A clean slate starting from scratch gave Sumari Krige a chance to give this St Francis Bay beach home a fresh, contemporary feel.
Looking around this everything-in-its-place St Francis Bay beach home, you’d never imagine that, only two years before, the house had burnt down in a fire. Completely gutted with nothing salvageable barring a couple of books, the owners – a Pretoria- based couple – had to rebuild their home from the ground up. The silver lining in the tragedy of losing all their belongings was an opportunity for the owners to create something new – different from their permanent home and the beach house that came before. Something that would last. Guided by this goal, La Grange Interiors’ Sumari Krige conceptualised a series of spaces that would work equally as well for the couple when they are on their own as they would when the family visits en masse – the couple’s children and grandchildren are regular guests and the hope is that they’ll continue to holiday here well into the future. By the time Sumari came on board, the house had already been rebuilt, right down to the finishes – an eight-month process, which, in building terms, is a staggeringly short time. ‘When the owners gave me the date they were planning to move in, I thought there was no way it would be done, but amazingly we did meet the deadline,’ comments Sumari. She puts this down to the owners’ phenomenal architect Wilhelm Lochner and the ultra-efficient on-site construction team. The neutral shell they created lent itself beautifully to the La Grange Interiors aesthetic, which is famous for mixing contemporary and classic elements. This signature timelessness, although always fairly streamlined, was further simplified by virtue of the fact that Sumari was starting from scratch. ‘Even though the owners wanted an uncluttered look, this project is probably even more pared down than the brief they gave because we had no existing furniture to work with,’ she explains. ‘So there’s nothing superfluous.’ Inspired by the Dutch masters of understatement, Piet Boon and Marcel Wolterinck, and cued by the cool hues of the lagoon (grey rather than blue, refreshingly), she chose colours ranging from slate to ash and layered them, playing with light by using the different shades – what the French refer to as ‘ton sur ton’. These she broke up with the occasional graphic pattern, which sits comfortably with her signature contemporary-classic hybrid style.
The neutrality of the palette is both cued by, and is a cue towards, the scenery. ‘The setting is so lovely that we didn’t want to detract, or even distract from it,’ explains Sumari. This rationale also paved the way for low-profile pieces that keep the field of vision open – sofas sit low to the floor, flanked by groups of movable occasional tables, making the pitched-roof spaces seem even airier and more open.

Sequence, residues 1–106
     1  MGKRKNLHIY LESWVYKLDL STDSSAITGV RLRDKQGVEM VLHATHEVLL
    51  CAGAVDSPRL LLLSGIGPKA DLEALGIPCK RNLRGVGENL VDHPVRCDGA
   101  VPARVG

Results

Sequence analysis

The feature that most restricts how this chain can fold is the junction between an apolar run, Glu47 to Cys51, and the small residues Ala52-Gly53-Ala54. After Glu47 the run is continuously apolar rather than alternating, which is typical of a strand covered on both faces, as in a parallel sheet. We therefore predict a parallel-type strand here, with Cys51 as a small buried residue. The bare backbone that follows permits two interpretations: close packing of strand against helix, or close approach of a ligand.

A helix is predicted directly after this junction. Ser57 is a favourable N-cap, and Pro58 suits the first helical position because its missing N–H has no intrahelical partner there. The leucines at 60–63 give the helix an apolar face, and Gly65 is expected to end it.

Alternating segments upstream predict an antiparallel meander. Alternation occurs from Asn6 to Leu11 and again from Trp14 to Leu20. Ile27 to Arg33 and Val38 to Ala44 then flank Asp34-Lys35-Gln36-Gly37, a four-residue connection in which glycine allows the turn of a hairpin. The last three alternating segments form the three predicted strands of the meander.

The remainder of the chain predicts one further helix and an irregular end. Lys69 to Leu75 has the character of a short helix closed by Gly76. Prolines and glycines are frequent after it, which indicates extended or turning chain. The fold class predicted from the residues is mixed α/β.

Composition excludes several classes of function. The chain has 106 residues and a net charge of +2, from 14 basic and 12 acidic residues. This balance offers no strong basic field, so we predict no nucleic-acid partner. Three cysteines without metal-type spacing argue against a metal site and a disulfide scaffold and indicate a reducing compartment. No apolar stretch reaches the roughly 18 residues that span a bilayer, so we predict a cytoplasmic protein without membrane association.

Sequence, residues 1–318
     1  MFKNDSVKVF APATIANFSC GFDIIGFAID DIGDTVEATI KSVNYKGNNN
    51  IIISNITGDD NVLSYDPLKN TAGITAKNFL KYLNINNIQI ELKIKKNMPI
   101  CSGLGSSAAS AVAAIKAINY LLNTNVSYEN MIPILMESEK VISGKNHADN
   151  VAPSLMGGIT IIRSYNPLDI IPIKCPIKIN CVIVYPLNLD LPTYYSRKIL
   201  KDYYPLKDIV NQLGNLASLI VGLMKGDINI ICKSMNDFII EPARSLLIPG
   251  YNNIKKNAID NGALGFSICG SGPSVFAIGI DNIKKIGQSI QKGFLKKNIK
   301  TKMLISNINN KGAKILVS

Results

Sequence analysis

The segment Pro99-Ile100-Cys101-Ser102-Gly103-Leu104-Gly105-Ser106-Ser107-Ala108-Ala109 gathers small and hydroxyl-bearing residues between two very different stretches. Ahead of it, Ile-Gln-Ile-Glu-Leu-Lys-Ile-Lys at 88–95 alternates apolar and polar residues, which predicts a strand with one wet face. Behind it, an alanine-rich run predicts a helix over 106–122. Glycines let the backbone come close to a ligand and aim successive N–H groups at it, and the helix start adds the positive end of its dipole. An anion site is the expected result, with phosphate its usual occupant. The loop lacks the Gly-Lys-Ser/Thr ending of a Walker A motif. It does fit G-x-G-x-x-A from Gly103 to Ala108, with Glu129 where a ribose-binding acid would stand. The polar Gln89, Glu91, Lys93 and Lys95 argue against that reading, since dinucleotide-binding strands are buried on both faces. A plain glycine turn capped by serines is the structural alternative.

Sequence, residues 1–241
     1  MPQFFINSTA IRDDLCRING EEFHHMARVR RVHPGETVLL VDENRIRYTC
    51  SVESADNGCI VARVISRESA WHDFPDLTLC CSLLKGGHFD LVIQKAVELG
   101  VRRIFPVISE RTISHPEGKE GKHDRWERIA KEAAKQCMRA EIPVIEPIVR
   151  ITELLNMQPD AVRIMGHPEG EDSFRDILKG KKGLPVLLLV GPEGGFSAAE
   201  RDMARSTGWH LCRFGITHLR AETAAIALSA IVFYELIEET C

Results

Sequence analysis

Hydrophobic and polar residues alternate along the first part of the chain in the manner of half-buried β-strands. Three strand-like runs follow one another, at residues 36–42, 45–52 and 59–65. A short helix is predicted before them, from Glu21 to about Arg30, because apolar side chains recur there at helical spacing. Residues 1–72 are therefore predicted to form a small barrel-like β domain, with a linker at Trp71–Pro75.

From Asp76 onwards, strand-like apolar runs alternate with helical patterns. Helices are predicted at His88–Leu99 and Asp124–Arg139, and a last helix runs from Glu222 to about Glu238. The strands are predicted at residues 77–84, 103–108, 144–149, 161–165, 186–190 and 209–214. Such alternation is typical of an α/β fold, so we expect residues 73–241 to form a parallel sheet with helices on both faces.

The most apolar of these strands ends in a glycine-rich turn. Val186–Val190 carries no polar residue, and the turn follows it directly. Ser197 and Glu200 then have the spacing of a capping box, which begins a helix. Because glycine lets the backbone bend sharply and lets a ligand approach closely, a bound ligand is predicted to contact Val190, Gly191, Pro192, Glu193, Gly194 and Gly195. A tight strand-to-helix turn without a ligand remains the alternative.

Contemporary but not cold, Sumari has made sure that the sparseness of the space is tempered by texture. The unfinished edges of linen throws and exposed seams of cushions add just the right note of organic accessibility – it’s smart, but not at all sterile. A good example of this made manifest is the slick seating solution in the dining room, where the black-wood-and-leather chairs combine the best elements of a leather sofa and a simple frame. ‘I wanted to cater for all needs without compromising on design,’ she explains of the symbiotic relationship between comfort, practicality and visual integrity throughout. ‘Leather is sophisticated, but easy to clean and comfortable,’ she adds. ‘Aside from that, I’m also having a real moment with tan leather – I love just a hint of it combined with monotones.’ But the versatility she’s created extends beyond a visual universality. The design is engineered to be user- and family-friendly. This comes in the form of multipurpose furniture and even rooms. When it’s just the owners in the house, for example, they needn’t rattle around feeling like the space is too big – their wing can be used in isolation from the rest of the bedrooms. ‘I didn’t want them to have to leave a room to do some work or for rooms to only have one function,’ elaborates Sumari. So, instead of being purely display-orientated, a decorative table at the end of a sofa in the living room can just as easily play host to a laptop. Likewise, a daybed in one of the bedrooms can allow a small child to bunk in with their parents. This kind of detail is what makes a home really livable rather than remotely beautiful, something that Sumari understands well.
TEXT: JULIA FREEMANTLE | PHOTOGRAPHS: ELSA YOUNG